Navigating Kink, Open, and Poly Relationships with Your Long-Term LGBTQ Partner

Are you curious about exploring kink, open, or poly relationships?

I recently spoke with Jeremy Sanders, MFT, a psychotherapist at Gay Therapy Center who specializes in working with clients who are interested in alternative sexual relationships. Here are some highlights from our wide-ranging conversation.

Jeremy, you’ve noticed that couples who are interested in kink are also frequently exploring open or poly relationships. What’s the connection?

Jeremy: Many experiences in the kink communities involve groups. So kink events and parties are often non-monogamous. And in BDSM communities someone in a dominant role may have multiple submissive partners. That is another layer of texture.

Also, it’s rare when long-term partners share all the exact same kink interests. Some couples open the relationship to let each partner indulge in the fantasies that may not interest their partner.

What are some of the issues you commonly explore in your sessions with clients curious about BDSM experiences?

Jeremy:For people who are new to kink it is important to talk about consent. It really is the cornerstone of how kink works in a healthy way.

We also talk about shame. Feeling shame around sex is fairly universal in our culture—especially for LGBTQ people—and has been so destructive. A BDSM or kink sexual experience can be a reframing, or a reclaiming of shame. It is an inversion of shame by taking something that is destructive—i.e. shame—and turning it into pleasure and fun.

BDSM or kink relationships can be safe spaces to turn shame on its head by embracing shame. That can be empowering and healing.

A BDSM experience can also bring up uncomfortable feelings or triggers from the past. I like to talk to clients about aftercare. Sometimes people need to be soothed or cared for after an intense role play. Some will want to focus on care from their partners. Others may want to focus on self-care.

When do you think open, poly, or kinky relationships can be unhealthy?

Jeremy:We need to feel safe and secure in relationships. If we do not feel safe then it is hard to imagine that an open, or any relationship, will feel good.

For some clients, it is a revelation to hear that they should feel safe and secure in their relationships. I provide education about how vulnerability and security work in relationships.

Partners can fall into a negative cycle of insecurity. For example, if I shut down when I feel insecure, my partner may feel abandoned. In other words, the way I get safe in relationships makes them feel worse.

Other people hope for connection by attacking or yelling. If I feel insecure when I am being yelled at, then my partner’s attempt to reach me through raising their voice will make me shut down more. When I point out the dynamic I try to show each partner that their loved one is just trying to feel safe.

Within that frame couples usually have more empathy for their partners. When they see that their partner feels insecure and is just trying to get safe, that can create more empathy. Instead of just thinking their partner is trying to start a fight, they realize their loved one is scared or lonely and is attempting connection.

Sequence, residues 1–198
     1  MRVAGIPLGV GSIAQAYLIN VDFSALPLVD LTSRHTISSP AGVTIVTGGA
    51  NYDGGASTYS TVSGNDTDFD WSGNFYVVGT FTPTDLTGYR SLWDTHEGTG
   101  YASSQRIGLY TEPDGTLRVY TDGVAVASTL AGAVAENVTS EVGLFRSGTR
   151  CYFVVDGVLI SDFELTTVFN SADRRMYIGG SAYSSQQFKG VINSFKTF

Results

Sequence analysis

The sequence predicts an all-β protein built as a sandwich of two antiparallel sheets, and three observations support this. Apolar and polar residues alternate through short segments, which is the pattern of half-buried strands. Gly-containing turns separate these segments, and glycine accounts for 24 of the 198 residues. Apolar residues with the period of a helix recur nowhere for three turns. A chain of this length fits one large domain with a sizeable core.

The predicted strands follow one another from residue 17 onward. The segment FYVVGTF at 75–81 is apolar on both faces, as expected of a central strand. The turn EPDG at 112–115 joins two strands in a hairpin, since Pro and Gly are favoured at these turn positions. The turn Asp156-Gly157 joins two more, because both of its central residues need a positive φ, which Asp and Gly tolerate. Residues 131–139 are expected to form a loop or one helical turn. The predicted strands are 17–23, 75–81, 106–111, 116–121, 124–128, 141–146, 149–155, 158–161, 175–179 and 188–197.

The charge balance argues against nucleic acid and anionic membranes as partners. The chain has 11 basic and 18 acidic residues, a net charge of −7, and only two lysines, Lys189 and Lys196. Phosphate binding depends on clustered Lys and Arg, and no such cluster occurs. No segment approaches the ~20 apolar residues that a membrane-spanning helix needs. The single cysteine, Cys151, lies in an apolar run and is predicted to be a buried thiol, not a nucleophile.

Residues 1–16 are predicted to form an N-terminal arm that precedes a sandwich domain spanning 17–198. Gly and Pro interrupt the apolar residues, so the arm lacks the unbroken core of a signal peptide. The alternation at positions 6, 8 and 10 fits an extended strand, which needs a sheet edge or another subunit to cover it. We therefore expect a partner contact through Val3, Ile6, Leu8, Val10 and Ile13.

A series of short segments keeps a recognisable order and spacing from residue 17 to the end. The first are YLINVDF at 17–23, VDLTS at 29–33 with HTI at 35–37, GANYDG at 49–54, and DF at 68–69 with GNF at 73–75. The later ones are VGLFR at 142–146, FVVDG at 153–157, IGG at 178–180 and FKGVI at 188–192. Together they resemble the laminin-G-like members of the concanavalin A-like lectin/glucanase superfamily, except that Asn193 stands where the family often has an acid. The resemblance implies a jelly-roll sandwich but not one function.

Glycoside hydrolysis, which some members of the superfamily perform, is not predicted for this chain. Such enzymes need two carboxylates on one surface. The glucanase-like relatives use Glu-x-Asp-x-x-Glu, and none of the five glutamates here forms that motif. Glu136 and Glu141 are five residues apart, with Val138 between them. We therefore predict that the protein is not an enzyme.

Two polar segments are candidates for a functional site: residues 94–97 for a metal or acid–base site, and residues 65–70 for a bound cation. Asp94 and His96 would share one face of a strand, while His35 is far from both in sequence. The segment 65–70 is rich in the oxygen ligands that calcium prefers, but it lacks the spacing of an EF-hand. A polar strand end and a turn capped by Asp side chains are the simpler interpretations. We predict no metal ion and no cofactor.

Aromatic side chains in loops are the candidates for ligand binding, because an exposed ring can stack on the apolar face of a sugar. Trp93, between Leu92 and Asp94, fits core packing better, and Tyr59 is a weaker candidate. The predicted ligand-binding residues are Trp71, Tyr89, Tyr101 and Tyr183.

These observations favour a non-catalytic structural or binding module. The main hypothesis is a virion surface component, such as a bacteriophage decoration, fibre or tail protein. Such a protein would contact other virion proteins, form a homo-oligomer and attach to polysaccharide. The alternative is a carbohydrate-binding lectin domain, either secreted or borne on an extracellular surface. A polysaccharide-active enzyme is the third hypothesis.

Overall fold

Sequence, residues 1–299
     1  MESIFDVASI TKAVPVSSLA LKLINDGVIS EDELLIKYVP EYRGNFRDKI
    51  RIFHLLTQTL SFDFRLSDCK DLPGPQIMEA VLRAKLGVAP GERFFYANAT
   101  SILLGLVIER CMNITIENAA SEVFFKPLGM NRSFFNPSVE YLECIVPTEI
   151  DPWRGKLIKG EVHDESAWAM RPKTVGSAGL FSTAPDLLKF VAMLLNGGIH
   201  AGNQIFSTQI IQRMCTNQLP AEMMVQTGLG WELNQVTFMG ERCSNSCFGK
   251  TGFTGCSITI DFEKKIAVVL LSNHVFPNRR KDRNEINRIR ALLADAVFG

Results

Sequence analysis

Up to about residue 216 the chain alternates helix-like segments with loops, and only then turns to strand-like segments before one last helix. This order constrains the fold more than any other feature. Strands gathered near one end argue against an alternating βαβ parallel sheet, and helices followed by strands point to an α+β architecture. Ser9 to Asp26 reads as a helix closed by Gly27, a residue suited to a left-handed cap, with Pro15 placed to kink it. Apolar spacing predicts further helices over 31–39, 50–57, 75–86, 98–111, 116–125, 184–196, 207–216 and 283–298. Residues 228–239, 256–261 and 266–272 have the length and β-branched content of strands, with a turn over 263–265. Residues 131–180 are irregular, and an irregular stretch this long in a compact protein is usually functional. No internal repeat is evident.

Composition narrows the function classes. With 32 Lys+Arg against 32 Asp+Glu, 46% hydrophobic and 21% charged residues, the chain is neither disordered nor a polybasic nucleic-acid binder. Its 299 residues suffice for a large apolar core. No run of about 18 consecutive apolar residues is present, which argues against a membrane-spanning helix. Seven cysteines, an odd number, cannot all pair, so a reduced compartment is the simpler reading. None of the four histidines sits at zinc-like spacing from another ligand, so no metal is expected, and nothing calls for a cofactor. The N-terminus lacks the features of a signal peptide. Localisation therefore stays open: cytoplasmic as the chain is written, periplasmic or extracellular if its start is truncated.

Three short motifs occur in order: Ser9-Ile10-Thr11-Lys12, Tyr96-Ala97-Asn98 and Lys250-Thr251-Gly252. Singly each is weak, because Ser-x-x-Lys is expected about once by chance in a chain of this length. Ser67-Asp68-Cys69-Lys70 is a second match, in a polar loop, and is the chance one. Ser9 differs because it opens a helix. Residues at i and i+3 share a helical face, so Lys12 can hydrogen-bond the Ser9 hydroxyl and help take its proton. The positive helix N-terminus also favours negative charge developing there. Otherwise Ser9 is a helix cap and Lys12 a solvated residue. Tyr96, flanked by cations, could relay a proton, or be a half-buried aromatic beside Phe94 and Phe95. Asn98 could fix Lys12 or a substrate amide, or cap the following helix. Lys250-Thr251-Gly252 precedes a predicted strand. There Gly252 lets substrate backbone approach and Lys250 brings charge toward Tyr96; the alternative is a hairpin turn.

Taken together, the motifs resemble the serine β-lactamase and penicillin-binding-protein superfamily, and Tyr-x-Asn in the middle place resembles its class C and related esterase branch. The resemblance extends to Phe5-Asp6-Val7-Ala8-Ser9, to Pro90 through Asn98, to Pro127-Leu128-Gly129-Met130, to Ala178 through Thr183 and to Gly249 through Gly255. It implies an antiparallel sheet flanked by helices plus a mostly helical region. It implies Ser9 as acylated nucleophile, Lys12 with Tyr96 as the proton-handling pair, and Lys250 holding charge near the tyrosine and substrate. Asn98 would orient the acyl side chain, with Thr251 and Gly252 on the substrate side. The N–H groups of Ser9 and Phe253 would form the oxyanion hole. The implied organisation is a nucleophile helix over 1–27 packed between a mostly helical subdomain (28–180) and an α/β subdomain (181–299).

As a survival strategy, most mammals have a “fight or flight” response. What I like to offer couples is the concept that you can replace “fight or flight” with “tend and befriend.”

In open relationships is jealousy is a big issue?

Jeremy:It’s likely you will feel jealous. Like any emotion, some feel it more than others. Asking how to eliminate jealousy is asking the wrong question. The better question is “How do I cope with feeling jealous?”

There’s something powerful in naming jealousy. It’s okay to say, “I feel jealous.” Couples can learn to say something like “I’m having a jelly moment.”Their partner can take care of them in that moment and say, “I still love you and I will be back in a few hours.”

What do you like about doing this work?

Jeremy:People have a lot of fear about talking about sex or kink with a therapist. They feel so vulnerable. Because I put this specialty in my bio, clients expect that they won’t be judged or shamed by me. I love being the person who helps them feel safe to talk about it.

Witnessing clients confront things they are not comfortable with makes me feel like I am doing the work I was meant to do.

Read more of our blogs on gay open relationships here.


4 2 votes
Article Rating
Subscribe
Notify of
guest
2 Comments
Oldest
Newest Most Voted
Inline Feedbacks
View all comments
Brandon
Brandon
31/01/2021 10:11 AM

Thank you, my husband and I have been experiencing some of the aspects of this article. It was helpful to be reminded to communicate, be vulnerable, and it’s ok to be jealous as long as it is communicated in a healthy and non shaming way.

Free Online Class

free e-class

Ready to start feeling better about yourself? Life gets easier when we have more confidence. Unlearn what the culture taught you about being LGBTQ in our free 30 day course – 30 Days To Feeling Good About You!

to top
2
0
Would love your thoughts, please comment.x
()
x